From the Museum Archives: The Wallihans — The world’s first wildlife photographers
The history of Northwest Colorado has no shortage of fascinating characters. A.G. and Augusta Wallihan are no exception.
The Wallihans arrived in Northwest Colorado in the mid-1880s eventually settling near Lay — located between Craig and Maybell. Augusta and A.G. married in 1885; she was 22 years his senior. In fact, it is rumored that A.G.’s trademark long beard was to help mask the age difference.
Augusta was a strong woman who embraced the frontier life. A.G. described her as having no fear of “God, man or the devil.” She was also an expert marksman who even put on a shooting exhibition at Madison Square Garden!
Though the Wallihans stayed busy as the Lay postmasters and running a boarding house, in 1889 Augusta suggested that A.G. should try to photograph the abundant wildlife in the area. Surprisingly, wildlife photography hadn’t been seriously attempted due to the precarious size of cameras and the complicated developing processes of the day. The Wallihans were soon able to trade some travelers for a camera, and A.G. began learning how to shoot and produce photographs in the middle of nowhere.
A.G. Wallihan was soon capturing stunning images of wild animals, the first of their kind. George Shiras, another U.S. photographer, was shooting photos of animals at night with a “strobe trap” in the 1890s, but these weren’t the natural wildlife photographs Wallihan was producing.
Wallihan’s photographs caught the attention of an occasional hunter to the area: United States Civil Service Commissioner and eventual US President Theodore Roosevelt. They kept in touch, and by 1894 Wallihan had enough photographs to publish his first book. Roosevelt wrote the introduction for it as well as for their follow-up book in 1901. Not long after Roosevelt’s presidential inauguration in 1904, the Wallihans even visited the White House as his personal guests.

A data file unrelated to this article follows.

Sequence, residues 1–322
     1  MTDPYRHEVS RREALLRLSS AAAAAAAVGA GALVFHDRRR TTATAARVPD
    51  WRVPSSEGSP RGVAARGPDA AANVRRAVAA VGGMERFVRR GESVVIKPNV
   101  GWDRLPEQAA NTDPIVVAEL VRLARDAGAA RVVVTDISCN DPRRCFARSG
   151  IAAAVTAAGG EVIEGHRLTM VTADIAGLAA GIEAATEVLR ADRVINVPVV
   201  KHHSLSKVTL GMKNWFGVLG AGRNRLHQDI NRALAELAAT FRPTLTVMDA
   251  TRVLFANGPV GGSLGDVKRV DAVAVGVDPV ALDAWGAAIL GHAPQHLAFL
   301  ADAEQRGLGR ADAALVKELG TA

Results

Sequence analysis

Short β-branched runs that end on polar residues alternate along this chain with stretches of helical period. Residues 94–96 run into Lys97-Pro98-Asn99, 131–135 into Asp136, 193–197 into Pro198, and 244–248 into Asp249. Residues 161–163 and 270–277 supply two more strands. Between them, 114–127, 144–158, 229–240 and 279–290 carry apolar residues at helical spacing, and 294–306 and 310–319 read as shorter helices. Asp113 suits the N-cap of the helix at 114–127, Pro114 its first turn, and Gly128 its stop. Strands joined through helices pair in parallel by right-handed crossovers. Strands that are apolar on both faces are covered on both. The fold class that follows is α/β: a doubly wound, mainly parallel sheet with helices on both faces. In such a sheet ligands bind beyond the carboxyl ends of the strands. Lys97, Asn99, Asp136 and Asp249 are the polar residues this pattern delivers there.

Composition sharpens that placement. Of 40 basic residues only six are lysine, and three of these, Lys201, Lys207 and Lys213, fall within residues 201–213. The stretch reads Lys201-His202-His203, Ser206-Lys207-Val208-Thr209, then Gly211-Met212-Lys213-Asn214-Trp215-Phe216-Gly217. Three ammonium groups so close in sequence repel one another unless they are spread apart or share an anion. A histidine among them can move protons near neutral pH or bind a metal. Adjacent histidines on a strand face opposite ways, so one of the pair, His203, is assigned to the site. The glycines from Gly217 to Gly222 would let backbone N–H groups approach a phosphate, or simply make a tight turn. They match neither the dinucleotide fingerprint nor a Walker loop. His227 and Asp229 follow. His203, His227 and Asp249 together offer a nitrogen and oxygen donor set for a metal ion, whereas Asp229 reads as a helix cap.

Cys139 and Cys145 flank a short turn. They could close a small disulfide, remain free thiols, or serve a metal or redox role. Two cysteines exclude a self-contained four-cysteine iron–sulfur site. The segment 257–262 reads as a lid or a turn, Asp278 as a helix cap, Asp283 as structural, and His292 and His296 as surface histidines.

Wallihan’s photography books were a hit. Anything pertaining to the West was in big demand at the time, and these were the first photographs to extensively capture the West’s wildlife in their natural environment. A.G.’s photographs quickly grew in popularity until he was invited to showcase his work at the 1900 World’s Fair in Paris. He was again invited to the 1904 World’s Fair in St. Louis where his photos earned him the bronze medal.
Through their work, the Wallihans were vocal proponents of wild game preservation. They were witnessing firsthand and bringing to light the fast decline in wildlife populations due to unregulated sport and commercial hunting.
Augusta died in 1922 at the age of 86. A.G. died in 1935 at the age of 76 while still serving as Lay’s postmaster. He is one of the longest serving postmasters in US history. They are both buried on a hill above Lay overlooking the country they loved from both sides of the lens.
The museum has a permanent exhibit on the Wallihans including their original camera, Augusta’s hunting rifle, their marriage license and numerous photographs. Our collection also consists of dozens of their original photographs and glass plate negatives.
Paul Knowles is assistant director of the Museum of Northwest Colorado. To learn more, drop by the Museum of Northwest Colorado at 590 Yampa Ave., or visit the museum’s Facebook page, facebook.com/MuseumNorthwestColorado.